by Jim Gillan

I’m Sorry, I Haven’t A Clue is a splendidly barmy long-running BBC Radio 4 quiz show that describes itself as ‘the antidote to panel games’. Chaired by Humphrey Lyttleton (who these days, really appreciates everything the lovely and always accommodating Samantha does for him) the teams are invited to do assorted silly things, including singing one song to the tune of another. Which is where Bob comes in.  Given his fondness for change – or maybe it’s just forgetfulness, I’ve always thought that he would make a fine contributor to the programme, at least in that slot.  Life of course imitates art, so you won’t be surprised to hear that back in June, this very nearly happened. Or to be more precise, one of the panel was invited to sing ‘Lay Lady Lay’ to the tune of ‘I Do Like To Be Beside The Seaside’.  What fun! 

Fun, of a different kind, was also to be found up at St Andrews University, where Bob went to pick up another of those meaningless awards.  Actually, that’s not entirely accurate, as it’s pretty evident that whilst the unfathomable Bob seemingly doesn’t mind the painfully precious tedium of arcane protocol  – perhaps he likes mummery (says a dictionary: masking; frolic in disguise; buffoonery; hokum etc) – those too serious to fool absolutely revel in it.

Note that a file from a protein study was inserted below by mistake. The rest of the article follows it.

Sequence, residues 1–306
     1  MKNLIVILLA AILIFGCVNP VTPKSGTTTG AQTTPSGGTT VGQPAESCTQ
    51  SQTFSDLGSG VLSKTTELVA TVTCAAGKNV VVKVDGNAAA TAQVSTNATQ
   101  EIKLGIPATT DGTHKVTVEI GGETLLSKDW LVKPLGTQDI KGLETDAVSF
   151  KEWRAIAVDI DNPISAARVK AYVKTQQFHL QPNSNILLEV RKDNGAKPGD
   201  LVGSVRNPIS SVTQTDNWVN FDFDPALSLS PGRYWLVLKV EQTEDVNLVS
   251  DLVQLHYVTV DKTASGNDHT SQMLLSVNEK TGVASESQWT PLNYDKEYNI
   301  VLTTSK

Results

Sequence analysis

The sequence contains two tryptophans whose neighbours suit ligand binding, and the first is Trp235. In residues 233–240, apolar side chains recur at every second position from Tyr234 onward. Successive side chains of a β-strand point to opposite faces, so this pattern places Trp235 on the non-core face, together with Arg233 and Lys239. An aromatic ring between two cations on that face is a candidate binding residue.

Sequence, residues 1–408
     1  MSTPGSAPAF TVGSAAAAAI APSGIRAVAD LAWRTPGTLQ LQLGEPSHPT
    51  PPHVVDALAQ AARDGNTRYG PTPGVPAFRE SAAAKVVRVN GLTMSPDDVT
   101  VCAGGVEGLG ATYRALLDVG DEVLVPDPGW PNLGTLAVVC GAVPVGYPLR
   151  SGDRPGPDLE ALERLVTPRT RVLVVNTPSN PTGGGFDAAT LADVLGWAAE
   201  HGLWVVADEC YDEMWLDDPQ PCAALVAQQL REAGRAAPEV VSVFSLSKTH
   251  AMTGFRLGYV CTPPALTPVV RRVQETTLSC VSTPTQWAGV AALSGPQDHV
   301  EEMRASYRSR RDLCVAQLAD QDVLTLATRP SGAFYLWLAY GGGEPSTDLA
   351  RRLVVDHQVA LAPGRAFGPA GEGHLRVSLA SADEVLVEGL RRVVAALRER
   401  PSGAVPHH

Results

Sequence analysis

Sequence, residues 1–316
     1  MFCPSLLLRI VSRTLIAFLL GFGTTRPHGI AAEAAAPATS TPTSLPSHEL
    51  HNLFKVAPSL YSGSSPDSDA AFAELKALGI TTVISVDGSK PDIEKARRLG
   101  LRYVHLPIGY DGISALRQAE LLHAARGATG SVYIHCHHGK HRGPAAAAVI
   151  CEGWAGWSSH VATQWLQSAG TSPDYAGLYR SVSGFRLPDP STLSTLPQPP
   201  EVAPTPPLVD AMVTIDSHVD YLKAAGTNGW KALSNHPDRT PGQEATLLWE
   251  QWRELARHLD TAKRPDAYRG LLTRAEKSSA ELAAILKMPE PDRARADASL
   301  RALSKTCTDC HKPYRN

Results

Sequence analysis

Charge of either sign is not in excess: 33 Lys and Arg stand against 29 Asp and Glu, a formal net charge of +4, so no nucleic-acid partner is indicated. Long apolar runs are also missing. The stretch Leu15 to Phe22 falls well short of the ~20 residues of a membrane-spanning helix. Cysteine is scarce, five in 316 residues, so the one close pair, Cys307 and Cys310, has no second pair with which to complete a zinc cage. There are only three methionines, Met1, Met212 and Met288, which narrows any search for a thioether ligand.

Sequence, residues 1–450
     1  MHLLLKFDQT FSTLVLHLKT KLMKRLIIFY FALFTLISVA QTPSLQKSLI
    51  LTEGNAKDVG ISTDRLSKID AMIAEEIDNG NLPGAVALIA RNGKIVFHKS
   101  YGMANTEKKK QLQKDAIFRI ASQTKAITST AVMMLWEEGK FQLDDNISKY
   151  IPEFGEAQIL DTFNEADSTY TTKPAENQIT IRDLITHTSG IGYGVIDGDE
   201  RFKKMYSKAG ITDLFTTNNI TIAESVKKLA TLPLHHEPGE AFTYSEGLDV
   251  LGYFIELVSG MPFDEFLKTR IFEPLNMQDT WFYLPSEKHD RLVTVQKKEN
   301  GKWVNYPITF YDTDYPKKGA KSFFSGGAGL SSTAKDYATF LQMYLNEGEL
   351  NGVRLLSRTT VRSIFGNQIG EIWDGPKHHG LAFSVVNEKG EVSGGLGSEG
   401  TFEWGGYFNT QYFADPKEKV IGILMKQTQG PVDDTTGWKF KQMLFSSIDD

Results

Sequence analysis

"Many members of my generation can't separate a sense of our own identity from his music and lyrics," said professor of English Neil Corcoran in an awe-struck address. Dylan's fusion of folk, blues, country, rock and poetry, Corcoran said, "moved everything on to a place it never expected to go and left the deepest imprint on human consciousness." "His magnificent songs will last as long as song itself does," he added.